Expectation Management

I was watching Hannibal this evening and one of the characters said of mental health services that “it’s less about finding solutions and more about expectation management.”

I have talked about expectation management with a very good friend of mine and here are some of the things we discussed.

For people working in mental health services, there is often an expectation that people with a mental illness will do less well than our peers.  The general advice given, whether outright or by suggestion, is that we should lower our expectations.  Things that may be seen as a given for others: going to university, getting a job well-suited to their needs and skill-set, having successful relationships, are not seen as givens for people with mental health problems.  Instead, there is constant concern expressed that these things might be “too stressful” for us, that we might be setting ourselves up to fail, that trying to achieve our aims might actually be detrimental to our health.

As an adolescent on a psychiatric unit, I was repeatedly discouraged from going back to school.  It was explicitly stated that doing so would impact upon my recovery, probably negatively.  Faced with a bright, academically driven person with a desire to complete more than three GCSEs, the staff there didn’t know what to do.  In the unit, it was compulsory to attempt three GCSEs: Maths, Science and English, because it is the law.  One girl was allowed to do Art in addition to these because she was good.  Excellent, actually.  In general, though, we were taught to set our expectations lower and try less hard than our former classmates.  We were taught that we should be happy with whatever we did, because we weren’t expected to do anything at all.

I understand that pushing us too hard, expecting the high results our schools expected from us, would have been damaging to our recoveries.  Faced with serious mental health problems, we had enough on our plates without stressing over A*s.  But that doesn’t mean we couldn’t achieve them.  It doesn’t mean we didn’t deserve the same opportunities.  One teacher passed me along a Classics book while I was in hospital.  I’ll never forget that.  It was a small sign that someone still believed in me.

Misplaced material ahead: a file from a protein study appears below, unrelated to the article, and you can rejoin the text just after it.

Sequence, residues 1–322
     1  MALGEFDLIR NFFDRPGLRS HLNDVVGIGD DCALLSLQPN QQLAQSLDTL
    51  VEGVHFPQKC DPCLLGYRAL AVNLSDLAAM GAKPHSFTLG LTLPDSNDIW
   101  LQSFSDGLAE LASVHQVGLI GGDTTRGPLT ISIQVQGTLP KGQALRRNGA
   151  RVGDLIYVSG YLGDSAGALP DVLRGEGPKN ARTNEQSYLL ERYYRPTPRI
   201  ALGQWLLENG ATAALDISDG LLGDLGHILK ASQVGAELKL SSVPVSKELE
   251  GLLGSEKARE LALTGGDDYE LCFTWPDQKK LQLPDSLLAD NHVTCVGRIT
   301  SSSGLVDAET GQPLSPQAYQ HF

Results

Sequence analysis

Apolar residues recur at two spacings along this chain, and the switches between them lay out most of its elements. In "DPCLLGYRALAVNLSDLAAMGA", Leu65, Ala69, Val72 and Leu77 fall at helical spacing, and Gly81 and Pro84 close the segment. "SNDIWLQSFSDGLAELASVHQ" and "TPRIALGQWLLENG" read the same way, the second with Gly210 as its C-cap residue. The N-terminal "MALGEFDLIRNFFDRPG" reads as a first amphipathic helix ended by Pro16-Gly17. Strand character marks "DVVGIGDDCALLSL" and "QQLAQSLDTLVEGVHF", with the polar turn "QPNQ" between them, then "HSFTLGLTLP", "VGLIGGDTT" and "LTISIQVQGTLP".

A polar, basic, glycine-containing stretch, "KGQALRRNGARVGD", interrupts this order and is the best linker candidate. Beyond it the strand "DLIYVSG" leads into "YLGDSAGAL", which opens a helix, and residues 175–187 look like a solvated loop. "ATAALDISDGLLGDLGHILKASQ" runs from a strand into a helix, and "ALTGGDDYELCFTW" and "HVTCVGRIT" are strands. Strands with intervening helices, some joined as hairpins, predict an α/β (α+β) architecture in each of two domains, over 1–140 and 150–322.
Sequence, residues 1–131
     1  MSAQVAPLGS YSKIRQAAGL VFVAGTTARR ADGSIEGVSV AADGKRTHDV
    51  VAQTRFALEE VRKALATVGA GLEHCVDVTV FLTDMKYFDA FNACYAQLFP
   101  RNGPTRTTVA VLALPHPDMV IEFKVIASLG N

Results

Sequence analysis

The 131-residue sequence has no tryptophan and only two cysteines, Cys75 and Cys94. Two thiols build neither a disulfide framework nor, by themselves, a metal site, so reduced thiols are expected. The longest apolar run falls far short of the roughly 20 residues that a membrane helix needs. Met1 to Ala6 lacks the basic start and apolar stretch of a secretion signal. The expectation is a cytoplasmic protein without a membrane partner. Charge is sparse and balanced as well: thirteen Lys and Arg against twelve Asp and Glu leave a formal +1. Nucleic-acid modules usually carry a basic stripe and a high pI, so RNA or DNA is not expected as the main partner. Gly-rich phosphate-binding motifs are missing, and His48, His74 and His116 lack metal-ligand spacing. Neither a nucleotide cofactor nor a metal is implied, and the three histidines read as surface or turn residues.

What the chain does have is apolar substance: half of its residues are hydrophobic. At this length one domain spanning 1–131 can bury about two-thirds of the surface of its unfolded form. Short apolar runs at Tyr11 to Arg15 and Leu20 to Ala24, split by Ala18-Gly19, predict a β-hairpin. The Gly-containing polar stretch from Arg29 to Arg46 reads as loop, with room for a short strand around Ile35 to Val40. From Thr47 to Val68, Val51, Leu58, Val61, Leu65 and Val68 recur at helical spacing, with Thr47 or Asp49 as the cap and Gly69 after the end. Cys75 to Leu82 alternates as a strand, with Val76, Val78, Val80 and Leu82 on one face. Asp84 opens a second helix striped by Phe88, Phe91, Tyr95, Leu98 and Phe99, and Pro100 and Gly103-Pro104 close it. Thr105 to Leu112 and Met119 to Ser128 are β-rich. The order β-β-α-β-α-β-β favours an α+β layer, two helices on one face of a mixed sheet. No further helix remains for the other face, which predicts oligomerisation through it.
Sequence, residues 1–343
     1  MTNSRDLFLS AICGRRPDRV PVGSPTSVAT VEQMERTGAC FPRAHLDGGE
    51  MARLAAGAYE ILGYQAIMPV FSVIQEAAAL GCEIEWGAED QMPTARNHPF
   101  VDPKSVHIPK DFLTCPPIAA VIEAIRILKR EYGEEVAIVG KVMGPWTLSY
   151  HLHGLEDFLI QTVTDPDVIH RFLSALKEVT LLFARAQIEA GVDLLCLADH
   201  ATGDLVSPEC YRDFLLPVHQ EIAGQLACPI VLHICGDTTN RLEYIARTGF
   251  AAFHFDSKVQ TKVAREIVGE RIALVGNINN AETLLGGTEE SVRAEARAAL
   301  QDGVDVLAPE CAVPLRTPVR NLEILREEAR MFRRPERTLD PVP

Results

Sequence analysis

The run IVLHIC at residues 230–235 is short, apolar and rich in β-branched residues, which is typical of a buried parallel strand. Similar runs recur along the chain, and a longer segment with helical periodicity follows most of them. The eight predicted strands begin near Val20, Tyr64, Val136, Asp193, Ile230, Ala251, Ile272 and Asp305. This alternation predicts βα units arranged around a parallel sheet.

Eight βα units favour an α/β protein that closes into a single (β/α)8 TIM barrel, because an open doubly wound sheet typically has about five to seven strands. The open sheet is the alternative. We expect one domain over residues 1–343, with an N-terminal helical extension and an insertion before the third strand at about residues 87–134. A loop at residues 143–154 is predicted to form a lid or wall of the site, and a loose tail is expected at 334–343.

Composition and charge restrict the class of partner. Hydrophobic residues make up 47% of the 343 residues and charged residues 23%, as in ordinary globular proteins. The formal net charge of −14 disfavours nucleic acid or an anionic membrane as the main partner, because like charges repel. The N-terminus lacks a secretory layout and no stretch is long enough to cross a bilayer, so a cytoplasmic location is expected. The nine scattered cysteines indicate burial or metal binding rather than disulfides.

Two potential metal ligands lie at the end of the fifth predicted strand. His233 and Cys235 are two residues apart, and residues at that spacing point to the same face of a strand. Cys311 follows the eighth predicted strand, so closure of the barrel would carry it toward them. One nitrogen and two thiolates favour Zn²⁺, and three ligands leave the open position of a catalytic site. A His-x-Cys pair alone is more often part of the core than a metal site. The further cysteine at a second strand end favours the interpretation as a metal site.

As adults, we are told to take jobs we can handle, or courses we can manage, without any real attempt to understand what those jobs or courses might be.  A friend of mine, academically gifted, has had it suggested that work in retail might be better suited to him than university life.  This is ridiculous.  Taking a job ill-suited to him would surely be more detrimental to his mental health than starting a course that he will find fulfilling- challenging, yes, but well-suited to him all the same.  I have friends with mental health problems who are students, nurses, therapists.  In choosing to do the things they really feel they should be doing, they are able to live what I assume are happier lives than they would if they spent their whole lives trying hard not to try too hard.

Jobs, university, life… all of these things are difficult, and stressful, particularly so if you have mental health problems to contend with on top of them.  But that doesn’t mean we should be discouraged from trying.  It doesn’t mean we need to set our sights lower.  A realistic outlook need not be a pessimistic one.  It should be less about managing expectations, and more about supporting us in achieving what we want from our lives.


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